Niklaus Largier is the Sidney and Margaret Ancker Professor of German and Comparative Literature. He is affiliated with UC Berkeley’s Programs in Medieval Studies and Religious Studies, the Designated Emphasis in Critical Theory, the Designated Emphasis in Renaissance and Early Modern Studies, and the Berkeley Center for New Media. Largier is currently working on two projects: a book on imagination, practices of figuration, aesthetic experience, and notions of possibility, tentatively entitled “Figures of Possibility;” and a book on the history of practices and the poetics of prayer (with David Marno). — After studying German Literature, Philosophy, and Russian in Zurich and Paris, Professor Largier received his Ph.D. from the University of Zurich in 1989.
His research deals with German literature and philosophy, especially questions of the relations among literature, philosophy, theology, and other fields of knowledge. His more recent books explore the relation between bodily ascetic practices (in particular flagellation), eroticism, and the literary imagination (Lob der Peitsche: Eine Kulturgeschichte der Erregung. Beck, Munich, 2001; American translation: In Praise of the Whip: A Cultural History of Arousal. ZONE Books, 2007; Spanish translation: Elogio del látigo: Una historia cultural de la excitación. Oceano, 2010); the fascination of decadent literature with such religious practices (Die Kunst des Begehrens: Dekadenz, Sinnlichkeit und Askese. Beck, Munich, 2007); and the ways in which early twentieth century ideas about the form of the essay engage mystical concepts and their specific notion of critique (Zeit der Möglichkeit: Robert Musil, Georg Lukács und die Kunst des Essays. Wehrhahn: Hannover, 2015).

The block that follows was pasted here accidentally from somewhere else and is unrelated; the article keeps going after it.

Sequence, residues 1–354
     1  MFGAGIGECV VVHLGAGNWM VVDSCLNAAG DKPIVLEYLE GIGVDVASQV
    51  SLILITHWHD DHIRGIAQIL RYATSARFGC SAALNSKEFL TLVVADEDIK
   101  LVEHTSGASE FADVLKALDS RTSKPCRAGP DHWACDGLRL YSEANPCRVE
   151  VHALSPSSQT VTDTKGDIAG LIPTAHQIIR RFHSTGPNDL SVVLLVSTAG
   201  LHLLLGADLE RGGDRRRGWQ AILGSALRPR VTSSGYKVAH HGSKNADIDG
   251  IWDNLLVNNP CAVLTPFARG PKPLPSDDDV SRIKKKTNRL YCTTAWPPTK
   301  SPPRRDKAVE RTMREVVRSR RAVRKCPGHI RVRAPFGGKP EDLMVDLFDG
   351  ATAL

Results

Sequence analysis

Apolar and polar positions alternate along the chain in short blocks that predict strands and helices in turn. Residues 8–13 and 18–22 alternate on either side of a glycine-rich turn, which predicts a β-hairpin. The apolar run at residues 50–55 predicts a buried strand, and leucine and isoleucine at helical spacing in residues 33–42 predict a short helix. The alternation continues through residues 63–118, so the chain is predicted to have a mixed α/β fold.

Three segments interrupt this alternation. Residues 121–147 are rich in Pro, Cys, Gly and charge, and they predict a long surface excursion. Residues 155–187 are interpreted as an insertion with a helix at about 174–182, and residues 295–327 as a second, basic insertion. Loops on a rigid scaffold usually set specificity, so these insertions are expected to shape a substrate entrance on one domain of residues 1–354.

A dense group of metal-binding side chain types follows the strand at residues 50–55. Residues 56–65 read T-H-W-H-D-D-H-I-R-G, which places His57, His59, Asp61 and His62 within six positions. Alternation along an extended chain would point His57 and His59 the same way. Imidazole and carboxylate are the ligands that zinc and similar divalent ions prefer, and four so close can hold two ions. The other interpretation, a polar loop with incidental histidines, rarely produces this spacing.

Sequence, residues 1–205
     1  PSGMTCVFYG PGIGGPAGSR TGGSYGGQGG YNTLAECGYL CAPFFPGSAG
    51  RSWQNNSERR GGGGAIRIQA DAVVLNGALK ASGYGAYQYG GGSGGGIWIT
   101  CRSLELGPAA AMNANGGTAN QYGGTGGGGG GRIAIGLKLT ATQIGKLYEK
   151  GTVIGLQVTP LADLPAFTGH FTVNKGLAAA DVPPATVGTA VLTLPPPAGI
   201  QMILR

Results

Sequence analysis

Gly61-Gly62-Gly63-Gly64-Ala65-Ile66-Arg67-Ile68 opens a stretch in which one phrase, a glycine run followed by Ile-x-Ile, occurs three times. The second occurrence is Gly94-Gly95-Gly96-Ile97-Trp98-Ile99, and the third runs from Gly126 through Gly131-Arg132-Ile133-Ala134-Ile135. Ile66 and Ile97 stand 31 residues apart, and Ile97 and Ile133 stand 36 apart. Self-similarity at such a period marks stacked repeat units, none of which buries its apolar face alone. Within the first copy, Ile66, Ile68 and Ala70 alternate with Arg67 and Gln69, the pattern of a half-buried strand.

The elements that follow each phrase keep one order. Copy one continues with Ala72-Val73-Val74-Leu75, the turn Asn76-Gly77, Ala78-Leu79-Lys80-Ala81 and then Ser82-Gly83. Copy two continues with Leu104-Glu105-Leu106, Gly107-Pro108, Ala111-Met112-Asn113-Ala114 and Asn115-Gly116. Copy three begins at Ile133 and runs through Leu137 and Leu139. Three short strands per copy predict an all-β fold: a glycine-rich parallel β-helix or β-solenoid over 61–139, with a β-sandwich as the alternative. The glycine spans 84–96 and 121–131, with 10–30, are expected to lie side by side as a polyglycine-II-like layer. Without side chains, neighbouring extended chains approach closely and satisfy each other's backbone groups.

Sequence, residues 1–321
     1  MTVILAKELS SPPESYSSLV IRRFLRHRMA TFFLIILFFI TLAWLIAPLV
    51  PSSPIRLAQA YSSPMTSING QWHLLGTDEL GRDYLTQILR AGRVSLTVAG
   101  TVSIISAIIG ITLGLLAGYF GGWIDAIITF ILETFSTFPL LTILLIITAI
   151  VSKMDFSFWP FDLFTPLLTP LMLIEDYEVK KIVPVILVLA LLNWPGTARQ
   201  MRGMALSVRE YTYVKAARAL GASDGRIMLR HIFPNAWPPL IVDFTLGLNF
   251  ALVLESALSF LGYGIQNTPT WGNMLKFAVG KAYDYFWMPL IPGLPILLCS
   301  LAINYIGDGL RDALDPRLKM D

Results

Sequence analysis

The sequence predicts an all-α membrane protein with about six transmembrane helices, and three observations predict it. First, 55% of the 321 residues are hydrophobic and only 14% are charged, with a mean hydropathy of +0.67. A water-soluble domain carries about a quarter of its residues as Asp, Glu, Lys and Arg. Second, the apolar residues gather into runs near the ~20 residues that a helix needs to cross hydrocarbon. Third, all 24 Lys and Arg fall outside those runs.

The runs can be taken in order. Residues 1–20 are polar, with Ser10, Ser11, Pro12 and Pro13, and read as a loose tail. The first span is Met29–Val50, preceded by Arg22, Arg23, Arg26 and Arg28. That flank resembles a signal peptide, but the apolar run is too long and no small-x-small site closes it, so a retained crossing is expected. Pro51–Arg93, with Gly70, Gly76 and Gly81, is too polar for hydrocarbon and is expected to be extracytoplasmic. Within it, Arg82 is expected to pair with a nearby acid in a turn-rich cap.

His current research and teaching focuses on the history of the imagination and the emotions from the Middle Ages to the Baroque era; the history of the senses, of sense experience, and of the stimulation of the senses-especially taste and touch-in medieval, early modern, and modern cultures. Niklaus Largier is an expert on mystical traditions in German literature and thought, in particular Meister Eckhart and his influence from the Middle Ages to postmodern discourses. His earlier books include a study on time and temporality in late medieval philosophy and literature (1989), a bibliography of literature on Meister Eckhart (1989), a translation and commentary of a medieval treatise on spiritual poverty (1989), a two-volume edition of Meister Eckhart’s works with extensive commentaries (1993), and a study of the significance of exemplum and exemplarity in medieval literature, philosophy, and historiography (1997). Largier has published essays on Eckhart, Tauler, Seuse, Mechthild of Magdburg, Hadewijch, Rudolf of Biberach, Czepko, and others. More recently, a series of articles deals with the interaction of images and texts in medieval manuscripts, questions of visual culture, and the significance of exemplarity in various discursive contexts. He has coedited two collections of essays on spirituality and literature (1995 and 1999), and an important medieval collection of vernacular sermons (1998).
Largier is a member of the editorial board of the journal Representations, and of the book series New Trends in Medieval Philology (DeGruyter, Berlin) and Deutsche Literatur von den Anfängen bis 1700 (Lang, Bern et al.). — Largier is the recipient of a Swiss National Research Foundation Grant (1993/96), of a Fellowship in residence at the Getty Center for the History of Art and the Humanities (1992/93), and of a Guggenheim Fellowship (2004). He joined the Berkeley faculty in 2000. From 2001 until 2004 he was the director of UC Berkeley’s Program in Medieval Studies; from 2003 until 2006 the director of the Program in Religious Studies; and from 2006 until 2013 the chair of the Department of German. He was a Visiting Professor at Harvard University (2006), at the University of Constance (2013), and at Princeton University (2016); a fellow at the Wissenschaftskolleg in Berlin (2010-11), and at the Kolleg-Forschergruppe BildEvidenz (2014). In 2015, Largier received the Anneliese Maier Research Award from the Humboldt Foundation.